Click here for: Full article in German
Managing clinical trials is a time-critical, resource-intensive and highly challenging organizational task. The input of a number of teams, often from different companies and countries, needs to be managed and timed effectively and efficiently. Activities in a range of disciplines including pharmaceutical production, logistics, laboratory work, submissions to regulatory authorities, on-site clinical conduct and study monitoring have to be controlled. Increasingly tough regulatory requirements and the advance of digitalization are producing more and more data that has to be documented, reviewed and evaluated to make the best decisions. A Clinical Trial Management System (CTMS) based on a low-code system could be the solution, especially for medium-sized pharmaceutical, biotech and medical device companies.
The use of IT systems based on separate applications for complex projects like clinical trials inevitably produces data silos that are not practicable and limit manageability. Moreover, clinical trial sponsors and Contract Research Organizations (CROs) risk losing data and breaching data security requirements or Good Clinical Practice (GCP) standards by using spreadsheets and local data storage. High IT standards including central storage, regular backup and user access management are mandatory in a research field that involves handling patient data and has implications for people’s health.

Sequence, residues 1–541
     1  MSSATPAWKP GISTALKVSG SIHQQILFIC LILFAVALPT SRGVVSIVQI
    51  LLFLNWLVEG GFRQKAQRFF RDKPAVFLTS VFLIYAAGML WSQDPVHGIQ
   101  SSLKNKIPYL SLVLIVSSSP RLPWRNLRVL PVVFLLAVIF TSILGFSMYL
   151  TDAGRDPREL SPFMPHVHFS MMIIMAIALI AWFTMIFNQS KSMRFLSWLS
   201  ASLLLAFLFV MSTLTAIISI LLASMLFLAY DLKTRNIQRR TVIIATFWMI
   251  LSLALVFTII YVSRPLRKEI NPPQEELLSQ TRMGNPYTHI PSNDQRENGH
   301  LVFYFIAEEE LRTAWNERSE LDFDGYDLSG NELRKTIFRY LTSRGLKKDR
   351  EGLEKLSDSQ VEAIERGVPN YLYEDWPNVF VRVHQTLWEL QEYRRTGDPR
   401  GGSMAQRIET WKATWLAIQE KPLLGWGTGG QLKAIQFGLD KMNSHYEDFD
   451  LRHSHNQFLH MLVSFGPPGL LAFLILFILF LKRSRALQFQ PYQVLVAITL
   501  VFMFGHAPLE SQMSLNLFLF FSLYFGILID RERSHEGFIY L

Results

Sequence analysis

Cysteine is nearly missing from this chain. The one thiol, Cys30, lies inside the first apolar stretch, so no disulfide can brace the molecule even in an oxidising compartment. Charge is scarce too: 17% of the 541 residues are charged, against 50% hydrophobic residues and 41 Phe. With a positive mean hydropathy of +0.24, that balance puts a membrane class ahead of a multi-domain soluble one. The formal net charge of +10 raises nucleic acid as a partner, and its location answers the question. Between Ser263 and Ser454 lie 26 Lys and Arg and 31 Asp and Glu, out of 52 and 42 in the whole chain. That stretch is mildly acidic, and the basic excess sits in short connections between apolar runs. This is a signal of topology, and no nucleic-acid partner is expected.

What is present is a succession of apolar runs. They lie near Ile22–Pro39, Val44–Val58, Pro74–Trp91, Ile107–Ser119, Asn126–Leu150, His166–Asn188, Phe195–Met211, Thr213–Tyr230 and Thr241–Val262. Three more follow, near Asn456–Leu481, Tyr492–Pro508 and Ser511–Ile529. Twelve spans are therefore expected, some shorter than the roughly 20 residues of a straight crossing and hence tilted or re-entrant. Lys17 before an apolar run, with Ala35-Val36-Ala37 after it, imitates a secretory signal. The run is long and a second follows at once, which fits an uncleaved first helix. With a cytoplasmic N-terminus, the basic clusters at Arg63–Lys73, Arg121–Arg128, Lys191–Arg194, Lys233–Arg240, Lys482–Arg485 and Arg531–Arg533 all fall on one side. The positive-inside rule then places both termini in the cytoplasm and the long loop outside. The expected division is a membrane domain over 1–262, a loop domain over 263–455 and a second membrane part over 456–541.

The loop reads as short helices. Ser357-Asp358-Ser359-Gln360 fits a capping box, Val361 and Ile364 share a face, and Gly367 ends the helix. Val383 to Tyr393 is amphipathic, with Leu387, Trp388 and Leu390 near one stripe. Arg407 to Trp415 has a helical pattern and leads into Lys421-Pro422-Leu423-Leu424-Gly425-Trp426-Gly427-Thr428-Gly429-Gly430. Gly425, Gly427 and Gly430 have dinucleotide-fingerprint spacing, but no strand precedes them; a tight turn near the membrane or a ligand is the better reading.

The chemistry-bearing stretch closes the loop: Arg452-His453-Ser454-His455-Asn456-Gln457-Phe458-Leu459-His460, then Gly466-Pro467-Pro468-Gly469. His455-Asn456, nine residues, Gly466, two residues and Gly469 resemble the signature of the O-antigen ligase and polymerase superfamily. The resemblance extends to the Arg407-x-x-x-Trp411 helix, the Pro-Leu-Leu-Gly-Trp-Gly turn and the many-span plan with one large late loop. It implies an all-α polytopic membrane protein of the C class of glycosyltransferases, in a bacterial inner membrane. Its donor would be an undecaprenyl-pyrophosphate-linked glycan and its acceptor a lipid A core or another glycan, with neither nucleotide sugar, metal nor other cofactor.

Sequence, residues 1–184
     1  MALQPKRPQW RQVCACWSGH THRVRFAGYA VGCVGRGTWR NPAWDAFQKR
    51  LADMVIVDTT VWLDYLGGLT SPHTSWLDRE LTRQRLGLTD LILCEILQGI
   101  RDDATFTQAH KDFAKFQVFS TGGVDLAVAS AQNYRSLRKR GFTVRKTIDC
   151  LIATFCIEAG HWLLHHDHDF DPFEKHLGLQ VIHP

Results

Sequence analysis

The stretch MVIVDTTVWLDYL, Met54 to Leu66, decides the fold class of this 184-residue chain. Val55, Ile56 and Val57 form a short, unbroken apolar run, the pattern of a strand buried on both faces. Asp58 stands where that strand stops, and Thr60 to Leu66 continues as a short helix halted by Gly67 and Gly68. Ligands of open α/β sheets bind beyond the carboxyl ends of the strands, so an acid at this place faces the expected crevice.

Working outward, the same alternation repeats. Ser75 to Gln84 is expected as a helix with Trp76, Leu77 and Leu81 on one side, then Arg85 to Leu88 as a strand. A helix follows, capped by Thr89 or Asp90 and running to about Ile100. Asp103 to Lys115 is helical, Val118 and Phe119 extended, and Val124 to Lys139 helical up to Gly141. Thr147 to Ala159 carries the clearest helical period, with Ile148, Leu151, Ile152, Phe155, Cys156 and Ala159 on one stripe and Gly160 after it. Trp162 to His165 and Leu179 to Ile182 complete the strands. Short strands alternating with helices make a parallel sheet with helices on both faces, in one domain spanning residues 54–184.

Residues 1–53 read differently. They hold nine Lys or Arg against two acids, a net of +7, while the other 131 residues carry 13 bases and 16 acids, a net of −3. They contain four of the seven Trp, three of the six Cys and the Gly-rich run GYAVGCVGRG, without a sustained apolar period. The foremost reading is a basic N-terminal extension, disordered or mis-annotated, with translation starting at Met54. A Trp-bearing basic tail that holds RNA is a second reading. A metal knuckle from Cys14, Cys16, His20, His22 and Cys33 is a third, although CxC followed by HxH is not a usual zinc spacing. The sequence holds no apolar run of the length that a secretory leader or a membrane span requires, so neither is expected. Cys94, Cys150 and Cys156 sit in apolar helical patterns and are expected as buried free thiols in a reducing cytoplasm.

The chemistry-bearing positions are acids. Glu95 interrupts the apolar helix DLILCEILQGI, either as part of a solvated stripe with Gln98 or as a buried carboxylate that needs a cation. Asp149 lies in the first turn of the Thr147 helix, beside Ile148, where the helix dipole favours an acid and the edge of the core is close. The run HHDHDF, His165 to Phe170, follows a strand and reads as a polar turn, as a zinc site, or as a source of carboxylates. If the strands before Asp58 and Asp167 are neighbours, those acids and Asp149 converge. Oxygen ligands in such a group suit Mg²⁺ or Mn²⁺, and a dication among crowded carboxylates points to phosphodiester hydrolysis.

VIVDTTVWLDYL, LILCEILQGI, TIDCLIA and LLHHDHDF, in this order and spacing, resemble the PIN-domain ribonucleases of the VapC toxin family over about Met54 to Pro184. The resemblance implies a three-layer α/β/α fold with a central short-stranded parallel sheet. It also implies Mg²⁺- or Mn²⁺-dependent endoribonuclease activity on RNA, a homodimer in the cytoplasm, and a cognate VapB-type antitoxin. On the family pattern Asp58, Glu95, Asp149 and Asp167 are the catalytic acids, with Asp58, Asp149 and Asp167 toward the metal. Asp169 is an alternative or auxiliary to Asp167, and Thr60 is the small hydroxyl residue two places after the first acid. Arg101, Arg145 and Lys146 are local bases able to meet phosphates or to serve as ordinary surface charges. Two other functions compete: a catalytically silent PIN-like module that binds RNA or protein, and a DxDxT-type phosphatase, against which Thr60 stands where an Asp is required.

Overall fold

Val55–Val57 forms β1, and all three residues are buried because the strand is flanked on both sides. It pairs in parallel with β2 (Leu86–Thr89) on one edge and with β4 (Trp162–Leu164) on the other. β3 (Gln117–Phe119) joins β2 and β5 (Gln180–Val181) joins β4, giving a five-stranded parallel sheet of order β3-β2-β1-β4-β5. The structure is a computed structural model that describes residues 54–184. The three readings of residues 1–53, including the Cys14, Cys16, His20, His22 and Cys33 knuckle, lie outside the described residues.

A growing number of CTMS have been launched by software companies in recent years. These systems have a host of functionalities central to clinical trial management, helping to keep track, create reports and identify time-critical paths. Key features include a customizable web page, sophisticated access control mechanisms, accessibility for new programmers and the possibility to connect to other systems. Most of these solutions are based on SaaS so are easy to use and highly convenient. On the other hand, the flexibility to customize applications in response to specific customer needs is limited. Clinical projects often differ in terms of geographic location, how tasks are split between different stakeholders, or whether a medical device or pharmaceutical study is involved. Limited adaptability could therefore be a disadvantage for the user. Also, the costs attached to these solutions are quite high and, for CROs, might not always be transferable to the sponsor of a study.
Mid-sized companies usually don’t think about programming their own CTMS solution. Developing source code from scratch indeed requires a dedicated team of programmers and high financial and time input. An alternative could be the development of a customized CTMS solution based on a low-code system. Such systems significantly reduce the development time needed, since they are accessible and usable for most levels of technical skills because most of the programming work is done automatically. The standardized toolkit used in these systems facilitates consistent quality and usability for programmers and users alike. Elements can be drag-and-dropped into spaces on the webpage and configured to satisfy all needs for the company and the customer, with the configuration including aspects such as appearance, visibility and function. Data for these systems is usually stored securely in the background using modern on-premise technologies or cloud solutions.
SSS has developed a CTMS of its own with a low-code platform that is growing all the time as new applications are added. Called accSIS, the company’s own system is an integral part of corporate IT strategy and designed to manage multinational trials with several subcontractors. What’s more, any special preferences sponsors may have can be implemented within a few weeks or even days.